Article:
Date on Master's Thesis/Doctoral Dissertation


Document Type

Doctoral Dissertation

Degree Name

Ph. D.


Industrial Engineering

Committee Chair

Evans, Gerald W.

Author's Keywords

Supply chains; Remanufacturing; Collaborative planning


Business logistics; Electronic waste; Electronic apparatus and appliances--Environmental aspects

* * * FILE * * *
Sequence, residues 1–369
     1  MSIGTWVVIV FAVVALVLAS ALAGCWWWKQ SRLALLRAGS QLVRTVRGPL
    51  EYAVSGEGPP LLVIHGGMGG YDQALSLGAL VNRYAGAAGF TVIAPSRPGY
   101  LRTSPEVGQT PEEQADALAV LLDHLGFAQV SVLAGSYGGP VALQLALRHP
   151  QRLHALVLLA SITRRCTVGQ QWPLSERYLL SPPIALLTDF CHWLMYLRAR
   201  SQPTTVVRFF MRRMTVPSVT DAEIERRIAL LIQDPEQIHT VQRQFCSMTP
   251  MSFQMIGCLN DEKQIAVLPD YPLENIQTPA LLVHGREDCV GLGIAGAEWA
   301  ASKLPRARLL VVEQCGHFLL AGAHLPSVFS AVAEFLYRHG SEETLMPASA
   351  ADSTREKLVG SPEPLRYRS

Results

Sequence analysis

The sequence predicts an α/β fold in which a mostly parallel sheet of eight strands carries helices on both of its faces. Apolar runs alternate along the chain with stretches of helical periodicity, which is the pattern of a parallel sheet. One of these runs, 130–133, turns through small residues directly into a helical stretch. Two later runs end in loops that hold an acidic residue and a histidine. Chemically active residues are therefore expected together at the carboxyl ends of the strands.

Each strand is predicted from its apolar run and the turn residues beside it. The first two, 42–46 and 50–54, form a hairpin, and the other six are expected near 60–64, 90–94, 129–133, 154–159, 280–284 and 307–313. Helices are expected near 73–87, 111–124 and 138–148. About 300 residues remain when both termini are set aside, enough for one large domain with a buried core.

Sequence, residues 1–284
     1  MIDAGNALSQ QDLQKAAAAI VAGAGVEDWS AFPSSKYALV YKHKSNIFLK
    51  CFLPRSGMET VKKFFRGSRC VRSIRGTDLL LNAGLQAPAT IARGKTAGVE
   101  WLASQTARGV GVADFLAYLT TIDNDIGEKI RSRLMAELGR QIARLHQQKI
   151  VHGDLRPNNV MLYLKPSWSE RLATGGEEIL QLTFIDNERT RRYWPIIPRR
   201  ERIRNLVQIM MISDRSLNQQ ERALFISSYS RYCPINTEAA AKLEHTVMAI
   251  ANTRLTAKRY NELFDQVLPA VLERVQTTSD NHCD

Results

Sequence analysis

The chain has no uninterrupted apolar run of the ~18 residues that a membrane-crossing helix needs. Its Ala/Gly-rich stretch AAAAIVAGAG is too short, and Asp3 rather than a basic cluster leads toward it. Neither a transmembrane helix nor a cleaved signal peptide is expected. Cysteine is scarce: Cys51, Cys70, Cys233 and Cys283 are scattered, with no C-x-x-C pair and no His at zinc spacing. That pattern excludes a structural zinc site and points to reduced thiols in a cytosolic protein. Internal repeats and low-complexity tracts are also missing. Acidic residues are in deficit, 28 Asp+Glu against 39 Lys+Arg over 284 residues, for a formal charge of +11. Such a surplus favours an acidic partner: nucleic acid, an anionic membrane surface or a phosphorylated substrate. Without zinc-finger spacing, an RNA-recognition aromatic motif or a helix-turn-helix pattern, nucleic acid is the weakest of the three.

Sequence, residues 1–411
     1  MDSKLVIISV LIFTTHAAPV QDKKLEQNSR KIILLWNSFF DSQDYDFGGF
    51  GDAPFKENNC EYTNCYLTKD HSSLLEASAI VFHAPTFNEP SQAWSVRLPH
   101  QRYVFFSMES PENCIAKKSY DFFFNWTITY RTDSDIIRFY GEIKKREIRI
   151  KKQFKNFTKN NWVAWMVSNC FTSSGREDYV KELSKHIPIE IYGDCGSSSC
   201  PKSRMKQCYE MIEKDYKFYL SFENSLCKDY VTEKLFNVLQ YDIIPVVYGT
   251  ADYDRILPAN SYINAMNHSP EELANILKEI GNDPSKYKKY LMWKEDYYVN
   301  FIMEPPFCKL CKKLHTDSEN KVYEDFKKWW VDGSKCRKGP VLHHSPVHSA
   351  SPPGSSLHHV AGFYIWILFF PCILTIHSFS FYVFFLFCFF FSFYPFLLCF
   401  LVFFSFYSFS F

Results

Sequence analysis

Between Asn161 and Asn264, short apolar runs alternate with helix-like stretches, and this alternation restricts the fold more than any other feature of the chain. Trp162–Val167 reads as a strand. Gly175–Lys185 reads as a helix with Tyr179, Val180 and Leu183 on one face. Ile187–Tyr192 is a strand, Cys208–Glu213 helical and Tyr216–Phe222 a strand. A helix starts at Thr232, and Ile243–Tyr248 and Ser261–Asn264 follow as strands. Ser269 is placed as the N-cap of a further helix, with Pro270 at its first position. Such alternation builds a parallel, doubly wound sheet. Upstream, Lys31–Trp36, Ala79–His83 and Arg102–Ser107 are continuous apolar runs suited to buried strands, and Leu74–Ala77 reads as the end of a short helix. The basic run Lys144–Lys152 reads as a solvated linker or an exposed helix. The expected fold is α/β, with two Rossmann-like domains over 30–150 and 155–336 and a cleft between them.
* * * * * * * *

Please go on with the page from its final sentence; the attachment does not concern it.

Environmentally conscious manufacturing and remanufacturing/recycling of endof- life products are steadily growing in importance. The problem of managing the waste generated due to the disposal of many types of products has many aspects. The main driving forces for solving this growing problem are the rapid diminishment of raw material resources, decreasing space in landfills and increasing levels of pollution. The drivers associated with these forces are governmental regulations which require that the manufacturers take back the end-of-life products and customer perspectives on environmental issues. This research considers the problem of increasing levels of electronic and electrical equipments waste. The implementation of closed-loop supply chains can be beneficial both economically and ecologically for these problems. Relevant literature to understand various issues involved in the operation of reverse logistics systems and closed-loop supply chains is reviewed. Upon reviewing the issues involved in closed-loop supply chains, the problem is considered as an ill-structured problem. A problem structuring technique called Why-What's Stopping Analysis is used to analyze the problem from various perspectives. Also, since a closed-loop supply chain involves multiple objectives, two techniques for categorizing the objectives into fundamental and means objectives are presented: Fundamental Objective Hierarchy and Means Objective Network techniques, respectively. A Goal Program (GP) modeling approach is used to handle many of the objectives identified by the previously mentioned techniques. In this research a consolidated objective function is defined which includes all of the deviational variables considered in various goals defined in the model. The consolidated goal is to minimize the weighted sum of all deviational variables. A non preemptive goal programming approach has been used with goals being assigned different weights according to their priorities. The values of the deviational variables help the decision maker to see which of the different goals are satisfied with the existing values of parameters and which of the goals aren't. The goal program has been run with both uniform and variable demand values in all the periods. In the absence of real data, all the parameter values considered for this research have been assumed. The major contributions of the research are as follows: each member of the supply chain has its own individual objective and the related constraints which is a more realistic approach, the model considers multiple products, and the model considers operations at the product, subassembly, part, and material levels. All the above contributions make this research as the first approach of its kind which has never been attempted (based on literature reviewed) and the goal programming methodology used is also a well accepted approach among all the multi-objective programming approaches. Results show the effect of varying the priority/weight associated with a goal. Results also show that values of the deviational variables (positive or negative) help a decision maker to analyze the model. The goal programming approach is considered to be the most effective approach in terms of defining the mathematical model, analyzing the output, and modifying the model (if needed).